203-BZE-05: Engineering Physics This is an option course for students in the Science Program who wish to pursue their interest in engineering and related fields. The course involves extensive use of computers in the gathering and analysis of data as well as in using spreadsheets to model a variety of different physical phenomena. The topics covered include: kinematics and dynamics of rigid body motion; fluid mechanics; structural analysis of frames, trusses and beams; statics in three dimensions; strength of materials. Students may choose to do the independent study project of the comprehensive examination in this course.
205-BZG-05: Physical Geology Geology is the study of the Earth. This course introduces students to geology and helps them to develop a sense of observation and to understand the scientific method. This course is an introduction to Earth's dynamic physical character and the processes that shape it: the Earth's internal and external processes. Topics include the structure of the earth, minerals and rocks, weathering, sedimentation, volcanism, metamorphism, deformation, geologic time, geologic hazards, plate tectonics, and the evolution of the landscape. Laboratory includes study of minerals and rocks; landforms as shown on topographical maps; geologic mapping inferred from maps and cross-section diagrams. In addition, a field trip to Mount Royal is planned as an essential component to this course. This course may be taken by students in both Health Science and Pure and Applied Science as a Science option.
360-420-DW: Introduction to Computer Programming in Engineering and Science The computer science part of this course introduces students to the fundamentals of object-oriented programming. Students learn how to analyze problems and then design and implement both numerical and non-numerical algorithms to solve them. Students learn to create new abstract data types, i.e. classes, and how to instantiate objects of various class types.The engineering and science part of the course revisits material students have covered in previous science courses but does so in a way that begins to appreciate their true complexity. Students analyze real-world problems, develop models, and then solve the relevant equations using appropriate numerical methods via the programming techniques developed in the computer science component. The focus is on the process of modeling and problems will be taken from a wide range of fields. IMPORTANT: Students who have successfully completed a complementary course with the course number 420-BWC or 420-BXC are not eligible to take this course.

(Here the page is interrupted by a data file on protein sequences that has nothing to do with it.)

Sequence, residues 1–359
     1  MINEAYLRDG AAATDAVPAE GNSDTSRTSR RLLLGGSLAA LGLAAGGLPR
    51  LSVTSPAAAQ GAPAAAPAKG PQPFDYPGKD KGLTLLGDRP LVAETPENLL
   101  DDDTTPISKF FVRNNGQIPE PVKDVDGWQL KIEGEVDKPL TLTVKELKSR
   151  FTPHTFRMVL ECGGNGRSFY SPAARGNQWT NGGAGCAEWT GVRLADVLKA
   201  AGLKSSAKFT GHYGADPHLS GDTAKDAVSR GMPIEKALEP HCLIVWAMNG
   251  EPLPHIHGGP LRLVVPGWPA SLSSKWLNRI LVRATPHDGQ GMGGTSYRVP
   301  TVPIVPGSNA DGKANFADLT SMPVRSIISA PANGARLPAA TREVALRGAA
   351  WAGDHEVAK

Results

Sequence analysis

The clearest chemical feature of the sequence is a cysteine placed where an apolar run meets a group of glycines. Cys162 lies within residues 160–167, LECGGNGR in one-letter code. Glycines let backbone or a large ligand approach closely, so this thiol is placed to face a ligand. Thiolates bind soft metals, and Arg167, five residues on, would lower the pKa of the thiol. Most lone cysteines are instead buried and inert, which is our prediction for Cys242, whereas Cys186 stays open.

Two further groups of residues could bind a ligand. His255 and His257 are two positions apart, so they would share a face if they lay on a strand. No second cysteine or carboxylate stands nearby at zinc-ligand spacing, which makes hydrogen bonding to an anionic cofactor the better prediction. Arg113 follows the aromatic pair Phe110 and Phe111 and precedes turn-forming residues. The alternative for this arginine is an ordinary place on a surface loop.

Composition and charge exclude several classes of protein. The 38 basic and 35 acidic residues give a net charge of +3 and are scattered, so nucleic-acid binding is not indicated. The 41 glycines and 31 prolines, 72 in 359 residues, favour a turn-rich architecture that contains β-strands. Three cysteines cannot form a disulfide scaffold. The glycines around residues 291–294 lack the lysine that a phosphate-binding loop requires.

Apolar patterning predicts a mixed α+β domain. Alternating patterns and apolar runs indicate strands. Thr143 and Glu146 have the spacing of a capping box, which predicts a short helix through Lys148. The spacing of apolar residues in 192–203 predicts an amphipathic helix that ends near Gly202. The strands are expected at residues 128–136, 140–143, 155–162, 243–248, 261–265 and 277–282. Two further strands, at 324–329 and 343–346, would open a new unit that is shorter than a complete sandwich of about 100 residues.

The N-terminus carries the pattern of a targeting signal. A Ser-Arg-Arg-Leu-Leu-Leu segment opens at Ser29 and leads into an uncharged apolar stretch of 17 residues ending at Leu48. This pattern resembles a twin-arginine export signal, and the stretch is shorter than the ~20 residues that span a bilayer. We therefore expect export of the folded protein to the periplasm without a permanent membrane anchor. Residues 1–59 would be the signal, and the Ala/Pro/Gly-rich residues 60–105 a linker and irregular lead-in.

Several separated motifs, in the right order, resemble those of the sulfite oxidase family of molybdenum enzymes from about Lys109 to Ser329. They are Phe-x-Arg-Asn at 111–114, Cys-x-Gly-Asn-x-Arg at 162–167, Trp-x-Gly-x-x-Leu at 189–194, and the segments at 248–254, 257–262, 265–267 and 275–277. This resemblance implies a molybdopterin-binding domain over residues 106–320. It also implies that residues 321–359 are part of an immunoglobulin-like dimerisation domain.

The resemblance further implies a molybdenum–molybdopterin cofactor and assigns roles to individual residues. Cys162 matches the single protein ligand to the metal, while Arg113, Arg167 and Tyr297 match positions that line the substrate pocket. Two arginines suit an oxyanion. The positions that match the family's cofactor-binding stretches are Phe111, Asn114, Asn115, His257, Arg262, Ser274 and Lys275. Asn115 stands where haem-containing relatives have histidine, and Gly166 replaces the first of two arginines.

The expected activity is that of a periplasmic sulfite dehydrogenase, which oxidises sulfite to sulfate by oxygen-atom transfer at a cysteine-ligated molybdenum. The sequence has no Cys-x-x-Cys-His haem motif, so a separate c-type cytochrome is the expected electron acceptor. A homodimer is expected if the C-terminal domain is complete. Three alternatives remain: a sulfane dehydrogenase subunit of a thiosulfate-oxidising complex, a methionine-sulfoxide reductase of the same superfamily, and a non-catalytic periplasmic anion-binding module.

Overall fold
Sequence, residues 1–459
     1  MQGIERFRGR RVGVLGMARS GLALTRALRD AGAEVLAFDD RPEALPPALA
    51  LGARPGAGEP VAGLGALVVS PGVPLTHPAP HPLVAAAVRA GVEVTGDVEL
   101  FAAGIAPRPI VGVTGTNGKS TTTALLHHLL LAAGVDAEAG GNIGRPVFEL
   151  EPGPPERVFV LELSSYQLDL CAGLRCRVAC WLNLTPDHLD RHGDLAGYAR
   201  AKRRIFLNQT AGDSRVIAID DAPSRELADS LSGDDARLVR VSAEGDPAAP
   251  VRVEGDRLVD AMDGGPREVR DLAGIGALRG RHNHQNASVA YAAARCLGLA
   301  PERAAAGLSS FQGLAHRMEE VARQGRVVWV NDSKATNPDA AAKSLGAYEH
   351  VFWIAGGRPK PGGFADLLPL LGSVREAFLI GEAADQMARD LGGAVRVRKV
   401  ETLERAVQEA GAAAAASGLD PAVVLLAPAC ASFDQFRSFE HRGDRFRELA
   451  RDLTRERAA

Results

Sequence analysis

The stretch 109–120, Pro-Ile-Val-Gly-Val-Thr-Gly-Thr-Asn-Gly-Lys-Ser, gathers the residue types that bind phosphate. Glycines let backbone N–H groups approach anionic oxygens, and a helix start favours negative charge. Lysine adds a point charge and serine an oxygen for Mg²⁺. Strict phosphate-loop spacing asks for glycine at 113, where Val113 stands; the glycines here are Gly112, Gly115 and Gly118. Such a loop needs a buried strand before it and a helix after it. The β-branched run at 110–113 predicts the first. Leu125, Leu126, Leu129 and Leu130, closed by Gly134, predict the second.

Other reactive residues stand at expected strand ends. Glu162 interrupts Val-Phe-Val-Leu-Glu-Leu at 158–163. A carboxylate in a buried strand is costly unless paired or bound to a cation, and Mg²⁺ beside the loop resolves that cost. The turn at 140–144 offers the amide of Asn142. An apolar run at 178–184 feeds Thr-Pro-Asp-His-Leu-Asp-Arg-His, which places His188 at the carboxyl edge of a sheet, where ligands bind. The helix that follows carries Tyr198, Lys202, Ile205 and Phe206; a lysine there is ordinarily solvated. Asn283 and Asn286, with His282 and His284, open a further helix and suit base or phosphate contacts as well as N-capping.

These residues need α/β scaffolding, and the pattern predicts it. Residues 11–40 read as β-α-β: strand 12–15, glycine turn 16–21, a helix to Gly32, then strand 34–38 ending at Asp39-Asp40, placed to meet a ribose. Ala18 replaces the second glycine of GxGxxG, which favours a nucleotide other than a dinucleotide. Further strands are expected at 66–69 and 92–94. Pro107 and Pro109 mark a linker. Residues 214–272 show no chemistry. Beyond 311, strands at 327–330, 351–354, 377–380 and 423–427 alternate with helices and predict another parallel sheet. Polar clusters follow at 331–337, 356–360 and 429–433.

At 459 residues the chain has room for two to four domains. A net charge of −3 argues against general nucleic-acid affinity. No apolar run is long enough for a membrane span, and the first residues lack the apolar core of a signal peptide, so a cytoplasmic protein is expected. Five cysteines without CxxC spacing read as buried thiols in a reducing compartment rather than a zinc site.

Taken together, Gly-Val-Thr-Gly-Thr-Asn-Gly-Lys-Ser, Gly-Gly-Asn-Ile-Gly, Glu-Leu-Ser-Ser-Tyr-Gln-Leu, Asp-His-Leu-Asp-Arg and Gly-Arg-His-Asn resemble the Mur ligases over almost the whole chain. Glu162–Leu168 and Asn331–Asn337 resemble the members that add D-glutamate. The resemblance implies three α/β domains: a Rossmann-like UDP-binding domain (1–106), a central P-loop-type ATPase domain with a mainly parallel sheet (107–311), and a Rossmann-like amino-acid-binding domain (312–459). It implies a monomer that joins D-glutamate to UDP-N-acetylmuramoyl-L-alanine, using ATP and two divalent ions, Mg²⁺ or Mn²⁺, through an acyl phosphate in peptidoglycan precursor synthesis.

101-BZP-DW: Environmental Biology This course focuses on the basic principles of environmental biology, ecology, and the role that humans have played in changing the natural environment. Students will understand and appreciate the importance of biodiversity and the natural forces that generate and maintain the range of life on our planet. Some of the major threats to biodiversity will be explored, such as extinction, habitat destruction, overexploitation, invasive species and climate change. The course concludes with conservation and sustainable practices. All laboratory exercises occur off campus, which include an intensive 3-day field component taking place at a field station in Arundel, Qc. The fee for this compulsory component of the course is ~$150, which covers the cost of food, lodging, and transportation to the field site. Students in the Environmental Profile will also have to complete the Independent Study in Science component of the Comprehensive Examination in this course.